Sylvester Nhkoma’s house in 2011, when I first visited his farm in Manyamula, Malawi. It has a tin roof but no plaster between the bricks.
SIA’s first grant to help start the cooperative was for a collective poultry project, which Sylvester helped to coordinate. He also shared space on his property for the poultry house. Co-op members come to learn from Sylvester about raising poultry for meat and eggs. Teaching others about successful poultry farming is part of the way Sylvester practices Sharing the Gift. Now twenty people in the co-op are doing poultry. The white poultry sell for 3000 kwacha (USD$4). They mature quicker. The darker chickens for 4000 kwacha (USD$5.50), but they take a year to mature.
When we visited his farm in May, 2017, Sylvester told us, “All along the way I’ve seen my family change. Because of my dairy cow, I now have three children in good secondary schools [high school]. My children do well in school because of the nutrience they get from milk. I also use the cow manure to fertilize my crops.”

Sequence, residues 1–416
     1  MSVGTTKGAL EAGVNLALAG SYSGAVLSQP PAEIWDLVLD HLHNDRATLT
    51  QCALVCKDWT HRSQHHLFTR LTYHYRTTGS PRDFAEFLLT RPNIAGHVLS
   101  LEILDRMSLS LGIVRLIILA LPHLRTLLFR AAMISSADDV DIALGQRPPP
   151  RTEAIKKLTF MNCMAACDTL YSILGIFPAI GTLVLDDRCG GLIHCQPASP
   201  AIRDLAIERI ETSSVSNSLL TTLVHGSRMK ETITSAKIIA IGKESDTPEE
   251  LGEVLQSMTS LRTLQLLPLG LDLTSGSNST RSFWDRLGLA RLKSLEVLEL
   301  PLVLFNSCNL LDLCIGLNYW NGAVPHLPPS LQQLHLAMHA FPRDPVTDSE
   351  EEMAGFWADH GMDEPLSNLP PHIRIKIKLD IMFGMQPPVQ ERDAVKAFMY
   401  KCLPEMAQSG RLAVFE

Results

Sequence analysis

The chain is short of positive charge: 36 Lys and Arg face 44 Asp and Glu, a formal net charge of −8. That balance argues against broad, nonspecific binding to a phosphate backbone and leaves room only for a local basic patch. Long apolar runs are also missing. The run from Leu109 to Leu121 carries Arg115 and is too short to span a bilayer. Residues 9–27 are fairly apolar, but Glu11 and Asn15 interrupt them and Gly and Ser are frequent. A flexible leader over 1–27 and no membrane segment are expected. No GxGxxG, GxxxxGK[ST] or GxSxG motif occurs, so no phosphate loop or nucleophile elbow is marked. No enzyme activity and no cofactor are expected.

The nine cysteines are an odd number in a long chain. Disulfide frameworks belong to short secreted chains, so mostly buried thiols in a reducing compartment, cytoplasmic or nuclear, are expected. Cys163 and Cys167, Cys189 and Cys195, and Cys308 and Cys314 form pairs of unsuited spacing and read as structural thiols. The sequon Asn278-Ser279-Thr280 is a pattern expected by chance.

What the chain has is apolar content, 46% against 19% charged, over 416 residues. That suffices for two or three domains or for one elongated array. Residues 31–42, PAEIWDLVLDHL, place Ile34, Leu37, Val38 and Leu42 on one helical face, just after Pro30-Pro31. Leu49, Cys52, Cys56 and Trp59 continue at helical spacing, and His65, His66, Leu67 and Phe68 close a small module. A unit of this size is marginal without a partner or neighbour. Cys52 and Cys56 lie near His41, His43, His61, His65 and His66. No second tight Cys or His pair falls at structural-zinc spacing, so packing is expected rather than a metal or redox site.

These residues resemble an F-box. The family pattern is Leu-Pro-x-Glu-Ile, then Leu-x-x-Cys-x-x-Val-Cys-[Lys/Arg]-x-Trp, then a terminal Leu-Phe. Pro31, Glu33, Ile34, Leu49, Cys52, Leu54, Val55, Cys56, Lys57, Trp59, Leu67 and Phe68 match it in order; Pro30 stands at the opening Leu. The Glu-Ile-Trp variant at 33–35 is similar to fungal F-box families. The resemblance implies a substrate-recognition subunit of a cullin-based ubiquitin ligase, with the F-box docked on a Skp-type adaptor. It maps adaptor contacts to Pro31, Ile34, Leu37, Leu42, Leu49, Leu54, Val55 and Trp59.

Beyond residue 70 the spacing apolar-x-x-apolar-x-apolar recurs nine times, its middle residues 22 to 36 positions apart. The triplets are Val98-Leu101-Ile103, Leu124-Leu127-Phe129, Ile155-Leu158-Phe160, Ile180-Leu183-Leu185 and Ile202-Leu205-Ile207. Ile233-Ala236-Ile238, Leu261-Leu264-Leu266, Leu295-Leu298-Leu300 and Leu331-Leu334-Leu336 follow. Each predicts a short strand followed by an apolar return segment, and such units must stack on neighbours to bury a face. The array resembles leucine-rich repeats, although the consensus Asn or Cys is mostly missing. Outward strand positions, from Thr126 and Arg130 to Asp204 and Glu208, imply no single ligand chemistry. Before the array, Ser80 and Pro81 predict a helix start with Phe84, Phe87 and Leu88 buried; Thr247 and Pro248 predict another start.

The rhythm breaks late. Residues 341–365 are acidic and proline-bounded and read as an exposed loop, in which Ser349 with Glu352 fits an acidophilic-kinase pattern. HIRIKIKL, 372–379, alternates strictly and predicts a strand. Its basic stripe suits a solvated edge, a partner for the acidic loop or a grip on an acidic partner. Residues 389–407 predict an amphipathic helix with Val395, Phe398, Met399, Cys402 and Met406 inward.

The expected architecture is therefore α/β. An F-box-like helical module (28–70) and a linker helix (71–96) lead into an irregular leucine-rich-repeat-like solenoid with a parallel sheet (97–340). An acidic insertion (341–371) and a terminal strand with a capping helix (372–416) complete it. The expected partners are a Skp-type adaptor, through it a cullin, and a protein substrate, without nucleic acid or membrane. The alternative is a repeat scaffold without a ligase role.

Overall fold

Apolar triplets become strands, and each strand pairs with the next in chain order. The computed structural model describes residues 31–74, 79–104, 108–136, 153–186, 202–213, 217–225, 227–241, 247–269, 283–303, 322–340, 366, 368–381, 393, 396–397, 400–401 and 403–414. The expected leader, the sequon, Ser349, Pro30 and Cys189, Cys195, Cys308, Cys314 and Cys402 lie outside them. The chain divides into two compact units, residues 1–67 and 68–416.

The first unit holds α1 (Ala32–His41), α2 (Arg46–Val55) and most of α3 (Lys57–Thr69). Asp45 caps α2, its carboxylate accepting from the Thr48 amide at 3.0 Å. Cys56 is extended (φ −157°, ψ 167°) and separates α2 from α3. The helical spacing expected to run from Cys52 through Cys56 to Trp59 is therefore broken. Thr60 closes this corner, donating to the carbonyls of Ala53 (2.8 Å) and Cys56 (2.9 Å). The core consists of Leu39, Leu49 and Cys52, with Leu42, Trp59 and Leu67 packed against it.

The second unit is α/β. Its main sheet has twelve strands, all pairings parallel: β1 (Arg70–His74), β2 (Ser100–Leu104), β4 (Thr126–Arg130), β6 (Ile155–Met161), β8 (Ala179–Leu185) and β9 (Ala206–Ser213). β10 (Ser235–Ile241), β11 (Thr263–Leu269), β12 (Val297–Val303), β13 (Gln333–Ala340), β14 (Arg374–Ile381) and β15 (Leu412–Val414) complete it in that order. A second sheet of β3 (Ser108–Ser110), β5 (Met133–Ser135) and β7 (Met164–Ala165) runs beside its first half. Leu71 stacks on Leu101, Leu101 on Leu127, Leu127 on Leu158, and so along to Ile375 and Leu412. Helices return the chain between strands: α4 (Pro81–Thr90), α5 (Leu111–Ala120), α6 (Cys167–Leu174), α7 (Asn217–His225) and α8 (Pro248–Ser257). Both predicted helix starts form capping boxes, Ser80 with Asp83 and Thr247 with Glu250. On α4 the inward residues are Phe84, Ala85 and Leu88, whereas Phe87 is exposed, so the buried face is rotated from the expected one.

One of Sylvester’s daughters next to the pigeon house. She is attending a good local school, now that her parents can easily pay for her education.
Sylvester’s family home in 2017! What a difference! “We brought electricity to the house. Now we are fully successful. Thankful to SIA for helping to transform lives in Malawi.”
Just before we visited, Sylvester was featured in the Malawian national newspaper! He was quoted saying, “I used to be a beggar, but now I am an accomplished entrepreneur. I have goats, chickens, pigs, pigeons, and above all else, I own a shop. This only happened after some people introduced me to COMSIP and I abandoned begging to be an entrepreneur.” (Click on the photo and then zoom in to read the story.)